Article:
Sexist tropes in games (like violence to the already violent-minded folk) adds fuel to an existing fire, and one that is MUCH, MUCH harder to fight. A murderer can't deny they have killed a person, but a sexist ass can deny the true motivation behind a bad thing they did.

As with the claims of violence, the idea is that the content is tapping into an already-existing reservoir of behaviors and responses. Sexism, however, is far more common than the urge to mass-murder, and it is much easier to hide (from oneself, as well as others), in the same way crazy people don't know they're crazy.

So, really, the two issues are being treated by the same standard, when you really look at it. It's just more people are forced to face accusations of sexism, so the social backlash is larger.
In other words, people who are sexist don't know they are sexist.
That's just further explains that a lot of individuals have heavy mental issues.

To be fair, it's unsettling to be told you are crazy when you think you aren't.
It just means you have no control over yourself then you thought you realized leading to such things as mental breakdowns.
 

QuietlyListening

New member
Aug 5, 2014
120
0
0
Well I think that's the problem right there. When the discussion becomes the question, "are you sexist?" of course everyone will answer no. And if that's the discussion, then any evidence of sexism will only get discounted, rationalized, or rejected. And it's precisely because that thought is so unsettling.

It's why I think it's more productive to focus on sexist tropes, attitudes, and behaviors, rather than "being" sexist.
 

Stephen St.

New member
May 16, 2012
131
0
0
carnex said:
I never talked about null hypothesis. I rather talked about not having any proof that one really affects the other and circumstantially correlation is going in exactly the opposite directions. There is more emphasis on sex and sexual violence in big mainstream games than, let's say, 20 years ago, and it's graphically and psychologically more impactfull and immersive yet numbers of sexual abuses and discrimination against women is declining. Only odd statistic is in sexual assault category but that is really hard to quantify since that category just keeps expanding when now slap on the butt passing by can be labeled sexual assault.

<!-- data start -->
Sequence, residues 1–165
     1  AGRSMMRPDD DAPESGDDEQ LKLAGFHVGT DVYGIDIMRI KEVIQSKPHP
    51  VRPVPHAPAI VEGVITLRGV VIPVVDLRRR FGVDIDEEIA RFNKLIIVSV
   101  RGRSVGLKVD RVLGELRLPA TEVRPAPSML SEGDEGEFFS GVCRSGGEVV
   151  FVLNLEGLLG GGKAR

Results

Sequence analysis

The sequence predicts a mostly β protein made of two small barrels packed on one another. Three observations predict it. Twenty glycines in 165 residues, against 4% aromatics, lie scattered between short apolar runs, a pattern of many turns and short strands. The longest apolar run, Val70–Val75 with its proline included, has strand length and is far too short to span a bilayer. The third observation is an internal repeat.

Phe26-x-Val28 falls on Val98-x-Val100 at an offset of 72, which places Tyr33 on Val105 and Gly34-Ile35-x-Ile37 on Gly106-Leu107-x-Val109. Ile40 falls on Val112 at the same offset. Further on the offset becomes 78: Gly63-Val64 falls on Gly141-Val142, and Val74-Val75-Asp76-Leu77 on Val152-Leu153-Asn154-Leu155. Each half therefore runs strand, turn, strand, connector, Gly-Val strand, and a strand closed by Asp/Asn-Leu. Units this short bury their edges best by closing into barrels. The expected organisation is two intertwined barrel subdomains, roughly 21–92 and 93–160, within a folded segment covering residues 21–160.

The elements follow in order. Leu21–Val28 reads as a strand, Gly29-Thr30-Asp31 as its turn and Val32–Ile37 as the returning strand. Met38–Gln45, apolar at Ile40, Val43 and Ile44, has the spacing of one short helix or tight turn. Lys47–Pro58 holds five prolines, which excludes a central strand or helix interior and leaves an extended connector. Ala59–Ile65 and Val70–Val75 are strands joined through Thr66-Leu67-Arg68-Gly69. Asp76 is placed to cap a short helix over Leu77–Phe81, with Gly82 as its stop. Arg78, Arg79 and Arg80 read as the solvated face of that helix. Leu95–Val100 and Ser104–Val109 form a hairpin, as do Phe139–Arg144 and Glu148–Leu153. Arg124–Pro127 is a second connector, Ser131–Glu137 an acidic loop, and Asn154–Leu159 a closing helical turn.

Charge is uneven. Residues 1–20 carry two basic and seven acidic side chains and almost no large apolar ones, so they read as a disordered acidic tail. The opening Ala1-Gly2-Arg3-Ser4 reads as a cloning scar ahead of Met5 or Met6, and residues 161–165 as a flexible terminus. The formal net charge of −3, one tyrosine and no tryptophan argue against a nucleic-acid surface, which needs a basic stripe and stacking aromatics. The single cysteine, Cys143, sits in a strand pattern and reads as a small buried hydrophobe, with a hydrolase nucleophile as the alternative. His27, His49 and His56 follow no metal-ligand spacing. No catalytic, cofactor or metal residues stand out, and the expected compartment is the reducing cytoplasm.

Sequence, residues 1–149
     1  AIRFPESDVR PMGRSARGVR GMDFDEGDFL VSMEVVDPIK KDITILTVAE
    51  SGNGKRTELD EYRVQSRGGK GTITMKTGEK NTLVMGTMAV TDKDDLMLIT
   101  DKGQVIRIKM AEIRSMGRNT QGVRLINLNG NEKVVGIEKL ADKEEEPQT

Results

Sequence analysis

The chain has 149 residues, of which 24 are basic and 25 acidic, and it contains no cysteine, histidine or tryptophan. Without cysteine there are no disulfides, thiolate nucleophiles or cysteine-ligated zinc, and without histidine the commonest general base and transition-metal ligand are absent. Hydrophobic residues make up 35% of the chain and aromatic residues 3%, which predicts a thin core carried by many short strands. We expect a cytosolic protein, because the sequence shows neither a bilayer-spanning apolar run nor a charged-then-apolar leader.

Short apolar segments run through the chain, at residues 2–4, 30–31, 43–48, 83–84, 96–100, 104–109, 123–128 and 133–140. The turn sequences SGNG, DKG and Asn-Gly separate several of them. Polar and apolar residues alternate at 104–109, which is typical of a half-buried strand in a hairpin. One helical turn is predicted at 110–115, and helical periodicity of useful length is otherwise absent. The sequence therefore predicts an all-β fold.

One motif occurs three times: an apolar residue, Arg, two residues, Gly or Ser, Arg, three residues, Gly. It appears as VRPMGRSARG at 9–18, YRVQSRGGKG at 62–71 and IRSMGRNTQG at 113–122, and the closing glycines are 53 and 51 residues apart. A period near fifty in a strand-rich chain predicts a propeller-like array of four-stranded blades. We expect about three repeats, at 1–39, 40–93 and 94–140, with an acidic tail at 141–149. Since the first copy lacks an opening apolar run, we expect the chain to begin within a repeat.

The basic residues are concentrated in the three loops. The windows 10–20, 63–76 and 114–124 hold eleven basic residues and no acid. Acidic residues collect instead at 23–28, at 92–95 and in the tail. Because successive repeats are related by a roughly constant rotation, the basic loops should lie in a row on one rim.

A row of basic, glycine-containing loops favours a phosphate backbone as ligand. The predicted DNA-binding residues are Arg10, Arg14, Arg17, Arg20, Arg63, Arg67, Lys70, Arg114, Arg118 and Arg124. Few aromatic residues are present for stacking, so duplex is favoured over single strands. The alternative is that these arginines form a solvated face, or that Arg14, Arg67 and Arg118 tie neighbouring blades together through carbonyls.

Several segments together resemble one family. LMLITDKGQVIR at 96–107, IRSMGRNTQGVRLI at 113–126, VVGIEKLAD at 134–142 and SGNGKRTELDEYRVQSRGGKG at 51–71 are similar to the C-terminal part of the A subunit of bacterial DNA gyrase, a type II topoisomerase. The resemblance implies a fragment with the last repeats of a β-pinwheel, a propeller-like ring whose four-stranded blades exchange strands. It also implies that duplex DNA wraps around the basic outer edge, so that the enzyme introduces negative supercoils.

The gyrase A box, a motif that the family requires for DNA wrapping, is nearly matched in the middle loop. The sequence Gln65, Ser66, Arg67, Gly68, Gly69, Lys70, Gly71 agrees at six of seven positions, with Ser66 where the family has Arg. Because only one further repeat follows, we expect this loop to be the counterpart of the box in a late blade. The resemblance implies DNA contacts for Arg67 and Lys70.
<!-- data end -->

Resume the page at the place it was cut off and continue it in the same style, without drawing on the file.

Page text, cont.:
Well if you are asking for proof, then you are asking the other side of the debate to disprove the null hypothesis, which for you appears to be that there is no connection between the sexism we see in a game and sexist attitudes in our heads. It's perfectly correct of you to ask for evidence first and make judgements later. What I wonder is what our starting position is, in other words what exactly it is that we are looking proof for. Or, to be more exact, what exactly the hypothesis is we are trying to disprove.

carnex said:
Yes, everything has a connection, that is not the question at all as far as I'm concerned. And everything has influence. But it's the amount of influence that I bring into question. Potential harmfulness depends directly on how influential something is on psyche. And I don't see the impact of games all that much except as replacement for sociability which can be really deeply problematic but is not the question here.